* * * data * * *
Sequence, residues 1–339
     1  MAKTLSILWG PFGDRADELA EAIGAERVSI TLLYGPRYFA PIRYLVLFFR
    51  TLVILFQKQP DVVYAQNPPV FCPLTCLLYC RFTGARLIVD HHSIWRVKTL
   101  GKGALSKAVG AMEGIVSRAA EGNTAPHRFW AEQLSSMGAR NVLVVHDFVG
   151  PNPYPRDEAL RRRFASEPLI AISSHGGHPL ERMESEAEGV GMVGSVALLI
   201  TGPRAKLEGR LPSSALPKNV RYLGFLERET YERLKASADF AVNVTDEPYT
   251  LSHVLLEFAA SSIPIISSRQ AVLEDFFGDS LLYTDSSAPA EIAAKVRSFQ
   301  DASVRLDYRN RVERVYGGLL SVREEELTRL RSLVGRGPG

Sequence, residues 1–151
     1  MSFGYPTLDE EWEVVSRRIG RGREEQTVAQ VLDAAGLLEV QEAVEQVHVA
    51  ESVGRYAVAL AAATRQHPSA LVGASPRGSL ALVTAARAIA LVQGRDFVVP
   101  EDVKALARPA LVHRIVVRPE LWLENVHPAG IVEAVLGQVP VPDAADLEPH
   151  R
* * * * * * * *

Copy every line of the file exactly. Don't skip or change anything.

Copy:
Sequence, residues 1–339
     1  MAKTLSILWG PFGDRADELA EAIGAERVSI TLLYGPRYFA PIRYLVLFFR
    51  TLVILFQKQP DVVYAQNPPV FCPLTCLLYC RFTGARLIVD HHSIWRVKTL
   101  GKGALSKAVG AMEGIVSRAA EGNTAPHRFW AEQLSSMGAR NVLVVHDFVG
   151  PNPYPRDEAL RRRFASEPLI AISSHGGHPL ERMESEAEGV GMVGSVALLI
   201  TGPRAKLEGR LPSSALPKNV RYLGFLERET YERLKASADF AVNVTDEPYT
   251  LSHVLLEFAA SSIPIISSRQ AVLEDFFGDS LLYTDSSAPA EIAAKVRSFQ
   301  DASVRLDYRN RVERVYGGLL SVREEELTRL RSLVGRGPG

Sequence, residues 1–151
     1  MSFGYPTLDE EWEVVSRRIG RGREEQTVAQ VLDAAGLLEV QEAVEQVHVA
    51  ESVGRYAVAL AAATRQHPSA LVGASPRGSL ALVTAARAIA LVQGRDFVVP
   101  EDVKALARPA LVHRIVVRPE LWLENVHPAG IVEAVLGQVP VPDAADLEPH
   151  R